ALYS WILLIAMS /
aka Sardines Theatre
Alys is a professional actor and theatre-maker. She trained in physical theatre at the internationally renowned school of Jacques Lecoq (Paris). Alys has performed in 7 different countries, making her own work as well as working with various companies across the UK and in Paris.
Alys grew up in Lancashire and is passionate about regional theatre. She trained in theatre after completing a BA in English (Cambridge) and an MA specialising in feminist and performance theory (KCL).
Alys has worked extensively for Saltmine Theatre Company, touring national productions and appearing in the live filming of 'The Soul in the Machine' at the Birmingham MAC. She has also performed for thousands of children and young people across the UK in various theatre-in-education productions, including projects commissioned and supported by Derby City Council and the Home Office.
She has also performed with OYO Contemporary Dance Co. (Windhoek, Namibia), Cygnet Theatre (Paris), Tapis Theatre (Paris) and Corrymeela Arts (Northern Ireland) and worked as a movement director for Night Train (Hotbed 2019, Cambridge Junction).
Recent performances include: Sugar Plum Fairy, The Nutcracker (Saltmine, 2019); Sarah, Ghosts That We Knew (Corrymeela: Northern Ireland, 2019); Dogberry, Much Ado About Nothing (Cygnet Theatre: Paris, 2019); Julia Davies, The Soul in the Machine (Saltmine: London Excel Arena, 2019; Birmingham MAC, 2018); Katie Luther/The Devil, Legacy (Saltmine: Edinburgh Fringe, 2018; Norwich Playhouse; Mumford Theatre, Cambridge; Swan Theatre, Worcester; Theatre Royal, Margate; The Key Theatre, Peterborough).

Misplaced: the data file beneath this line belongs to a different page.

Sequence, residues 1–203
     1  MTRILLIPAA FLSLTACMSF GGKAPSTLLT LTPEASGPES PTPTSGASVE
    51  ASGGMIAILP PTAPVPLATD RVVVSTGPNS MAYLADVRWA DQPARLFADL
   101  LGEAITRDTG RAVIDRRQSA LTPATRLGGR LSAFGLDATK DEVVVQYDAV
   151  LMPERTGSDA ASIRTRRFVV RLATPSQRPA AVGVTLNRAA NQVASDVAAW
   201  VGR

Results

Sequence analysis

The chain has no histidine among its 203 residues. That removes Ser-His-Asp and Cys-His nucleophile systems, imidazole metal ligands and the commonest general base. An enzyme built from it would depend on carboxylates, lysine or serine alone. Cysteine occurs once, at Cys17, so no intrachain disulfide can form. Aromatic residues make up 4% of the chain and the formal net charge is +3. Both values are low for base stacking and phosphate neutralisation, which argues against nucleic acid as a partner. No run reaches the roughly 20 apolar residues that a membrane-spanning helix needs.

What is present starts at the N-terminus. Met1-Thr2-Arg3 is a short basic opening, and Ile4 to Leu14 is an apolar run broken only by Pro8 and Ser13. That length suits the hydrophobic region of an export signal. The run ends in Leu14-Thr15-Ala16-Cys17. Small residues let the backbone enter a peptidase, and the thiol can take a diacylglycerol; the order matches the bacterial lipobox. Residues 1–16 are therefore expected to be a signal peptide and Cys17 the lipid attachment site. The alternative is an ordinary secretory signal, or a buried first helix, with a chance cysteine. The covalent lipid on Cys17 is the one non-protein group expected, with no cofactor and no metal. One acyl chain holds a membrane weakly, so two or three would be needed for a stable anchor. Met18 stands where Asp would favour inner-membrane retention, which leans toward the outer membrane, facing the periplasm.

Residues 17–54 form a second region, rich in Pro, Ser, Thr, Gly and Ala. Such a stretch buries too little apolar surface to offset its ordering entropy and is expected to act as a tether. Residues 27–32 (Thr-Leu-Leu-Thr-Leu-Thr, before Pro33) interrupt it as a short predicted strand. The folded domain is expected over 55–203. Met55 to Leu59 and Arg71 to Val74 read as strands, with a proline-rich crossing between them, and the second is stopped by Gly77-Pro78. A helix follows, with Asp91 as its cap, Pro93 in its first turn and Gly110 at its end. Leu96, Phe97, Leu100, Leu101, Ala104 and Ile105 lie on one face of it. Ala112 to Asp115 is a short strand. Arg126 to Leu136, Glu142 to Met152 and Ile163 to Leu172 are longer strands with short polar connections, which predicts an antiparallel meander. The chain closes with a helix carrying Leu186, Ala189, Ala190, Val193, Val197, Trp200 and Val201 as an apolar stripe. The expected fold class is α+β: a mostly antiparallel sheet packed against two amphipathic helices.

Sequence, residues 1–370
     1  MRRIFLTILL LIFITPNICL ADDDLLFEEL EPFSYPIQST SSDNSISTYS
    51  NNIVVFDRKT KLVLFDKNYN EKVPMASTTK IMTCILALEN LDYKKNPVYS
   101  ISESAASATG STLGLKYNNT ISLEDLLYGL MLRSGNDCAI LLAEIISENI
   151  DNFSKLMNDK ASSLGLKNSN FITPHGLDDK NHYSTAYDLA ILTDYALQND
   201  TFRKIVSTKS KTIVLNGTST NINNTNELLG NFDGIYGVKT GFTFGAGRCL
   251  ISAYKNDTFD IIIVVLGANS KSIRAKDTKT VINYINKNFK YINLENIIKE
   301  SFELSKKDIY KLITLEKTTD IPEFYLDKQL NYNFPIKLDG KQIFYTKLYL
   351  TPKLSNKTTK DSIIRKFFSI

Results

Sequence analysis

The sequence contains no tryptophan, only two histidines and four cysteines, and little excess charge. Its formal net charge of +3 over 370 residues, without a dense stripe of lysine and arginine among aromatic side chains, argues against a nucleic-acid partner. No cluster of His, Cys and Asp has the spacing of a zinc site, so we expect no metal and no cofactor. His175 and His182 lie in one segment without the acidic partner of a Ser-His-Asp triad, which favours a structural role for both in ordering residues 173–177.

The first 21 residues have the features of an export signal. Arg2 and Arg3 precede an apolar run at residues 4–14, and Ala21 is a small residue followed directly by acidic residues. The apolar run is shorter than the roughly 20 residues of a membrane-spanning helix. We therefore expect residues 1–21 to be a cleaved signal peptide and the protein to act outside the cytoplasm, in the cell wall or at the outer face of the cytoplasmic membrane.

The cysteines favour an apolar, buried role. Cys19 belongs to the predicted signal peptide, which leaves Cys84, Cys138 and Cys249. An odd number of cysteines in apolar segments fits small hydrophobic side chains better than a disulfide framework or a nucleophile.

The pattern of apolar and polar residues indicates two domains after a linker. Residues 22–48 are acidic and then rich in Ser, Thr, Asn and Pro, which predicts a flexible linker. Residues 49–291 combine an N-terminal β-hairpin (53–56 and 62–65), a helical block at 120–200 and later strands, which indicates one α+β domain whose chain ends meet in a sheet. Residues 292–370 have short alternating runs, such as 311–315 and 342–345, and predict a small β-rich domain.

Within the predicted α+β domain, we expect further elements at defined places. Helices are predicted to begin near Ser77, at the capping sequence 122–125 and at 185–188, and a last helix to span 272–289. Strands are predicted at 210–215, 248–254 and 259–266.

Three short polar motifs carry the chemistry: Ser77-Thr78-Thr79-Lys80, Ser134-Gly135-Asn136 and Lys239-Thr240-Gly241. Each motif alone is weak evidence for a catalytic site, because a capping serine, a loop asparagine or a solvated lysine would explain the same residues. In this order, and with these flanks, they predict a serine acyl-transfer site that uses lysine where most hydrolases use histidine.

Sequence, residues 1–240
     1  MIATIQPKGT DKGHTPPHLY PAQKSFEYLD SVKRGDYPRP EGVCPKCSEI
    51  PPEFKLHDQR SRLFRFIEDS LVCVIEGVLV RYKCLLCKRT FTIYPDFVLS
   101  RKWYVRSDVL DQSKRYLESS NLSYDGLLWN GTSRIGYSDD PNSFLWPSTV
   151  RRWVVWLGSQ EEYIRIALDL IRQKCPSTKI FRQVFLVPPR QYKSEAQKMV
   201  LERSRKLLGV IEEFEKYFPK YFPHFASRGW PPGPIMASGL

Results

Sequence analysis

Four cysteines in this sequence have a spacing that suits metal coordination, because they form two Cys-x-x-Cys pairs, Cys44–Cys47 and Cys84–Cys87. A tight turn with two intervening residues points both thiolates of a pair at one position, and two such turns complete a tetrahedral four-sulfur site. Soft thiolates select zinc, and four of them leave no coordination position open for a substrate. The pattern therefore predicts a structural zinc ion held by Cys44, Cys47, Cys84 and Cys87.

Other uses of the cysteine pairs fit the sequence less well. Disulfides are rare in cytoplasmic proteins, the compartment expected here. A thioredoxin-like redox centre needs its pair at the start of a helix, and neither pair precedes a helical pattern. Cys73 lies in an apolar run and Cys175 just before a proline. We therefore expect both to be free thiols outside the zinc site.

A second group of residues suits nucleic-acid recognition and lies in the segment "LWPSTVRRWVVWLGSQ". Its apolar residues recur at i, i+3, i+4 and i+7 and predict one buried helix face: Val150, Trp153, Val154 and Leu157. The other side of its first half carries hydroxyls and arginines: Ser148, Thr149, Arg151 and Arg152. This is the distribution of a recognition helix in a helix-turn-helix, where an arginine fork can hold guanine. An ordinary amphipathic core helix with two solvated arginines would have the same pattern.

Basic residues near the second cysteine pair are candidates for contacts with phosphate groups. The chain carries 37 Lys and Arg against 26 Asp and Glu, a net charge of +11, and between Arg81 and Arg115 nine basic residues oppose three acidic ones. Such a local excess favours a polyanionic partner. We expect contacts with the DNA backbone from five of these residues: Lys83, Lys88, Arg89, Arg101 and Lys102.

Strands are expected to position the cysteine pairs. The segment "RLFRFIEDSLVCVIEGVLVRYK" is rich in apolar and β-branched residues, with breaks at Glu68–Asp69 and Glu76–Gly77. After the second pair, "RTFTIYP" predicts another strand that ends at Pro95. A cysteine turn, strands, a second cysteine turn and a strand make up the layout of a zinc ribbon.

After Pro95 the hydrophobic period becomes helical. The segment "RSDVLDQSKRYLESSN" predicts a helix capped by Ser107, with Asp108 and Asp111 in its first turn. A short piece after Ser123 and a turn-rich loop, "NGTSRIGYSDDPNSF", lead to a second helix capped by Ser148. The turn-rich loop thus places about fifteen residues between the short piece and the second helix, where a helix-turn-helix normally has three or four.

When I was a child, we played the game ‘Sardines’ at Christmas. It’s a sort of backwards hide-and-seek where one person hides and everybody else goes looking. When you find the person hiding, instead of giving them away, you squash in with them. In the end, there are about 10 people in a tiny hiding place, crammed in together.
The main thing I remember was how silly it all was. People would step on each other and get the giggles; someone would suddenly need a wee or get a cramp; my Uncle Rob sat on our toilet roll holder and snapped it clean off the wall! It was ridiculous and risky and real - just as theatre should be. I love the idea that theatre is, for the audience and the performers, a sort of hiding place from reality where we conspire together.
But most importantly, in Sardines, you don’t give anyone away; it isn’t a manhunt. It’s a game where the few become the many, where the minority becomes the centre; where you muck in, get down on someone’s level, jump in alongside, and join a story that is not your own. This is what compassionate theatre should look like. It should be finding the invisible people - the silenced voices - and putting them at the centre of our shared experience. It should be occupying strange spaces and finding new, exciting places together. It should be fun, and dangerous, and smell of bodies. It’s a game, yes, but it feels like life and death. It’s Christmas. It’s childhood. It’s so big and messy that it’s bursting out of wardrobes and peeping out from under the curtains.
It's when everything goes quiet and you realise that you're all alone, searching for friends in the dark,
until, suddenly -
Sshhh! Someone's coming!
There you are!
There's no room.
There's always room.
Come on, budge up!
Alys Williams (2019)